Freshwater mussels live a low-key life for the most part. They pass their days hunkered down in the sand or gravel, usually in flowing water. They feed on microscopic plant and animal life, as well as other tiny bits of organic matter, which they filter from water they take in through one siphon and eject from another. Mussels are fed upon by a variety of fish and birds, as well as muskrats, otters, and minks. Minks leave the cleaned shells of mussels they’ve eaten in a pile near the water’s edge called a midden, which can be a great place to find and identify shells.

The early development of mussels is a bit more complex and dramatic. Mussel eggs are fertilized within the female, with sperm that has been released into the water by nearby males. Inside the female, the fertilized eggs develop into larvae, which scientists call “glochidia.” To grow further, these glochidia must be expelled and attach themselves to the gills or fins of a fish for some weeks, where they will take on their adult form, in miniature, before dropping off to live at the bottom of the stream again. By sending forth their young attached to fish, mussels are able to disperse much farther than they would under their own power.

Over time, freshwater mussels have served a variety of human purposes. Native Americans ate their flesh and used their shells for utensils, tools, and jewelry. During the nineteenth and early twentieth centuries—before the advent of plastics—mussel shells were used on an industrial scale to make buttons. Since the 1950s, mussel shells have been exploited commercially for use in the production of cultured pearls in Japan.

It is unfortunate for mussels that they are not more cute and cuddly, because as a group they are among our most endangered animals, suffering from overexploitation, the pollution and physical degradation of waterways, and the introduction of exotic species to their habitats. Perhaps our best hope for preserving them comes from the growing awareness that the health of our rivers and streams is really a component of our own health.

Thursday, July 07, 2016

Thirteen-lined ground squirrels (not chipmunks, not gophers) [from the archive]

Thirteen-lined ground squirrels (not chipmunks, not gophers)

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My encounters with ground squirrels in the west this summer reminded there’s a common, yet fascinating animal closer to home I’ve been meaning to profile, the thirteen-lined ground squirrel. Do you know the one I mean?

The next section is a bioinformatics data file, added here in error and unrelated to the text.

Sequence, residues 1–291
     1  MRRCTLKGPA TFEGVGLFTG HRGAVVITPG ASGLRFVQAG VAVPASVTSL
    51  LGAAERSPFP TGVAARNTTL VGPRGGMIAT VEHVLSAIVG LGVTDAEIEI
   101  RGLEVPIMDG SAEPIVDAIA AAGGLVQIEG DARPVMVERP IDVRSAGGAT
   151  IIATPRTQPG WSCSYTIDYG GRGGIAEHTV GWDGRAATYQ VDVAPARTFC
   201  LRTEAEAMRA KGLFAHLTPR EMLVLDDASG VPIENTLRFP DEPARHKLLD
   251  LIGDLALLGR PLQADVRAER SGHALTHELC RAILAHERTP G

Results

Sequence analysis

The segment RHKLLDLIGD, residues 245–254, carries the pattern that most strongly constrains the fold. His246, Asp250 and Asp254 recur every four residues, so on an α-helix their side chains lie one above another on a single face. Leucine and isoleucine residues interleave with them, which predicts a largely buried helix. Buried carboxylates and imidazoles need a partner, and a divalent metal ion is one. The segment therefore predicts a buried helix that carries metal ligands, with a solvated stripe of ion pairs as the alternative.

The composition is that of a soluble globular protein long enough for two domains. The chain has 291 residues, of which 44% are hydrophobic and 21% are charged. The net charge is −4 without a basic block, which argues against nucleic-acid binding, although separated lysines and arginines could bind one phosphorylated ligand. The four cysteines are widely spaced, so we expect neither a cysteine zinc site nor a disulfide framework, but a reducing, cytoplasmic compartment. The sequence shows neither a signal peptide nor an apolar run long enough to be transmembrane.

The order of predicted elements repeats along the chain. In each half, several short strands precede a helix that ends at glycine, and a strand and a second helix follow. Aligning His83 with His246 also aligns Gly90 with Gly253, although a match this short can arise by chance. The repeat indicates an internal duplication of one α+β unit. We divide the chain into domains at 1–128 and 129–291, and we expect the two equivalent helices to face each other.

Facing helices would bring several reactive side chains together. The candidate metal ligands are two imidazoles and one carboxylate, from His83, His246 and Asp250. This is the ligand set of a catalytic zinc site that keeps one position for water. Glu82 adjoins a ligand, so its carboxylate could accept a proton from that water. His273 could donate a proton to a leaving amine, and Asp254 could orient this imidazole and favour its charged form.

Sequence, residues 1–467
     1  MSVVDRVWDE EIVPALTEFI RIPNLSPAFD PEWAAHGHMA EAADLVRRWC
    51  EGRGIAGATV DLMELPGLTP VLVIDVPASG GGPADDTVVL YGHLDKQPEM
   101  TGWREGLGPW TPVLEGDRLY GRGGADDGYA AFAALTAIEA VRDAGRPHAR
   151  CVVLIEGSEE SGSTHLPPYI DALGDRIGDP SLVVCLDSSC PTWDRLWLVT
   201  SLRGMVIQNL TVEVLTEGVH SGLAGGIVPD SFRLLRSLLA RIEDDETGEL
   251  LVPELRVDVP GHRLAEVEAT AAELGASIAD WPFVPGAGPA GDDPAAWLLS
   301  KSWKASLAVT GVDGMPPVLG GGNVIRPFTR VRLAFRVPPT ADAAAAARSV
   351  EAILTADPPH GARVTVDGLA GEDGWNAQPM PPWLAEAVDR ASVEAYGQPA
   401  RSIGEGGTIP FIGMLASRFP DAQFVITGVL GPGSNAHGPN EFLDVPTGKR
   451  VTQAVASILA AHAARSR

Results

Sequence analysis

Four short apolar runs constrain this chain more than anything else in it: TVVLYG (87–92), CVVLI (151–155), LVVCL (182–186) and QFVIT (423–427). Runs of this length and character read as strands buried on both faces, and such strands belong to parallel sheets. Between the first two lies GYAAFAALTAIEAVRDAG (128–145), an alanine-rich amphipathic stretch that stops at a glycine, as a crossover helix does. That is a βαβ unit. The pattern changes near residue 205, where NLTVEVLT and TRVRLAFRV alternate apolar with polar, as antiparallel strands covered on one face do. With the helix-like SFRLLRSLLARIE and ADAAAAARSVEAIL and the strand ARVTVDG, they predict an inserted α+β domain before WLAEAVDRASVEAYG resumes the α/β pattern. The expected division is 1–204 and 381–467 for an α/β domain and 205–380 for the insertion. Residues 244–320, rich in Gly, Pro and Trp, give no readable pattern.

If you’ve had a small squirrel dash in front of you as you drove on a country road bordered by crops, or you’ve seen a chipmunk-looking critter darting about in a cemetery, you’ve probably encountered a thirteen-lined ground squirrel. Some people call thirteen-liners gophers because they live in the ground, but in scientific terms, they’re members of the squirrel family.

Thirteen-lined ground squirrels are among those animals that have benefited from human development because they thrive in the close-cropped landscapes we create, from roadsides and pastures, to cemeteries, golf courses, parks and other lawns. Their geographic range, which encompasses much of the central U.S. and Canada, has actually expanded over the past two centuries.

If you were to draw a thirteen-lined ground squirrel based on its name, you would produce a picture that left out a notable characteristic of the original. Yes, they are marked by about thirteen alternating stripes of dark brown and light tan fur that run from neck to tail. But what’s equally striking is that the wider, dark lines are decorated along their entire length with evenly spaced light dots, giving them a star-spangled appearance. There’s a golden tinge to some of the lighter fur on thirteen-liners, and they’re the creature on which the University of Minnesota’s Golden Gopher mascot is based.

Thirteen-lined ground squirrels eat just about anything they can get their little paws on, from insects of all sorts to the occasional small vertebrate (including carrion), to grasses, flowers, seeds and crops. They have pouches in their cheeks that they use to transport food to their burrows for eating later. (If you have trouble with thirteen-lined ground squirrels eating from your garden, University of Illinois Extension’s “Living with Wildlife” Website provides suggestions for dealing with them:

Thirteen-lined ground squirrels are, in turn, food for a wide range of other animals, including coyotes, foxes, weasels, dogs, cats, hawks, owls and snakes.

One way thirteen-liners avoid being eaten is by excavating short, shallow escape burrows throughout their territories, so they’re never far from a hole to dive into. They also create deeper, longer burrows for nesting and hibernating.

And thirteen-lined ground squirrels hibernate like champions. After fattening up in the Fall, they retreat to a chamber that’s below the frost line, plug the entrance with soil, and curl up for about four months. During hibernation—which begins in late October or early November and lasts until late March or April—their body temperature nearly matches the temperature of the burrow, dropping as low as 37 degrees F. By the time thirteen-liners awaken, they have lost up to half of their body mass.

During the months thirteen-lined ground squirrels are active, you need not get up early to see them, nor do you need to brave inclement weather. They are most active on warm, sunny days, and they don’t even bother coming out of their burrows in the rain.

To learn more about thirteen-lined ground squirrels, or any of the other mammals you might see when you’re out and about in the Prairie State, let me refer you to the source for much of the information in today’s commentary, the Field Manual of Illinois Mammals by Joyce E. Hofmann. It’s published by and available through the Illinois Natural History Survey, which is a division of the Prairie Research Institute at the U of I in Champaign.